Before the jam, we planned to make an action-packed juicy pixel platformer. In the end, we made a calm abstract puzzle game. Beauty of LD!
Every idea we had for a platformer wasn’t very interesting, so we started thinking about making game about logistics as our entry. Inspired by the great Factorio and Mini Metro, we tried to extract production belts and manufacturing into a simple innovative puzzle.
This resulted in Supernode, a game where you make a flow of energy by combining nodes to produce the right output from multiple sources.
In short, here’s how it went.
Day 1. (Idea, concept, prototyping)
We decided to go minimalist in every way (apart from programming side) and make an emphasis on the gameplay and polish. As with our most games, we made up an idea and then experimented, having only a vague idea about how it would play. The whole first day was spent on brainstorming and prototyping of basic gameplay. Although nothing was really playable at the end of the day, we kept believing.
Day2. (Graphics, code developing)
A day full of challenges for the idea development. Some features we designed on paper just didn’t work out in reality. Or rather not how we’d like them to work. Previous LD experience taught us to take flexible maneuvers against the pitfalls. We changed the game to be score-based infinite level and settled on free adding and removal of user-generated nodes. Also, most of visual elements were ready.
Day3. (Graphics, sound, code, polishing)
Making the simple 2d assets spared some time to for go sound more. We made a simple track of chords and intervals of the pentatonic scale, without a pre-defined melody. The melodies are produced randomly, again, in the pentatonic scale. Various events trigger a note, each time different one. By noon, the final gameplay was ready and we spent about 12 hours on polish, menus and tuning. Looking back, it would be great if we tested more since the jam version of the game has some nasty bugs.
There are plenty of things to improve. Anyway, we are happy how the game turned out.
After receiving some useful bits of feedback we made (and still make) some major and minor improvements and placed the post-compo version of the game on itch.io. The jam WebGL version stays untouched.
The results are in!
Not as good as the last one – Empty., but still in top 10! Woohoo!
Tidy up the room. It should be shining.
As always, Ludum Dare was a great way to experiment and learn a new thing! Here is how it went for us. The theme was “One Room”.
Day 1, idea, modeling, code
As many people, we started with one concept and ended up with a completely different one. The key point was to make something that doesn’t rush the player, no sweat — just a zen-like experience. We began with a shader for smooth game look, which ended up in a relaxing open-space exploration, not a room game. It turned out quite difficult to tie the initial idea to the “room” theme. At the end of the day we came up with a new idea, which discarded what we’ve done during the whole day. Luckily, we were happy with the new game concept, which became the final game.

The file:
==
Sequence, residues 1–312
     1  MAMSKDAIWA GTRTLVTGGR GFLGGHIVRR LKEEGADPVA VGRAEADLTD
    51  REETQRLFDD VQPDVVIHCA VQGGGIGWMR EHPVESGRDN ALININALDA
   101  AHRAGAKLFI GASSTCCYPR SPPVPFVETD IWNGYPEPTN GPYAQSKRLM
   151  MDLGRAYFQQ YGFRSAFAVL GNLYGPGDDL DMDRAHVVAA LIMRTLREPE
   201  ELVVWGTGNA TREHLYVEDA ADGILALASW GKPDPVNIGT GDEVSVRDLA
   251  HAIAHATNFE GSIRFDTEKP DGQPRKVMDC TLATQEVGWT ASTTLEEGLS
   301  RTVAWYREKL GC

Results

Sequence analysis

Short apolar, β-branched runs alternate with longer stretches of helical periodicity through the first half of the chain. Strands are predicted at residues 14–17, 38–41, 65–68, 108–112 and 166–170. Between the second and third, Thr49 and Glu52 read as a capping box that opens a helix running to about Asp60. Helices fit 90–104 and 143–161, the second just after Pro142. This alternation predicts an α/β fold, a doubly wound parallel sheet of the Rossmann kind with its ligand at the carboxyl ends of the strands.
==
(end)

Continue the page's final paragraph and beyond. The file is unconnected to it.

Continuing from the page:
Day 2, code, modeling, level design
A simple unlit look became the key element for the gameplay mechanics. Using that, developing levels became another pitfall. Removing objects against other objects is fun. But it would be funnier to solve some puzzles. So we tried to incorporate a few. By the end of the day we had a working prototype with most of the levels.
Day 3, level design, sound, code, debug
On the code side, this is the first time we could afford to spend most of the day on polish. We tried different things for objects disappearing, highlighting details and overall smooth experience. We paid particular attention to sound effects and we’re quite happy with the result – removing furniture seems satisfying now!
What went wrong
It was a tough theme. The final idea came a bit too late. Describing the gameplay mechanics using words is incredibly difficult. One picture is worth a thousand words. One gif is worth two thousand words. Unfortunately, there was no time left to make an automated tutorial, that’s why the game could look complicated at first.
What went right
We were pretty happy how this game came out. And level design was not that difficult.
All in all
As always, it was fun making the game. Hope you will like it!
Update: We took the first place in Jam’s overall!
Woo-hoo! It’s hard to believe that we took the first place in Ludum Dare! To be fair though, three games share the first place in Jam this time. But who cares!
Here are the results of Empty on LD37:
Weird Phatty is the collection of highly unpredictable and totally unusable audio phrases recorded straight from the great little analog synth. The samples are mostly atonal, ranging from very quiet hiss and crackle to resonant sweeps and pseudo-sequenced riffs. The sound was made with one finger pressed one key. No knobs were turned (perhaps, except of on a couple of examples), no buttons were pressed, no effects, sequencers etc were applied during recording – just the internal modulation of the instrument. The point of recording such samples was to explore the deepest possibilities and seek for margins of the little angry synth.
The sample pack is free for free or commercial use, with or without credit of author. However you can’t take any part of this sample pack for any kind of reselling purpose including sample libraries, stock marketplaces.
CAUTION! Please watch your ears!
Due to the wide frequency range of the samples listening to some sounds in high volume may be harmful to your ears. Please audition them in low volume.
Liked this freebie? Please subscribe or/and follow in Twitter! What would help us make more of these.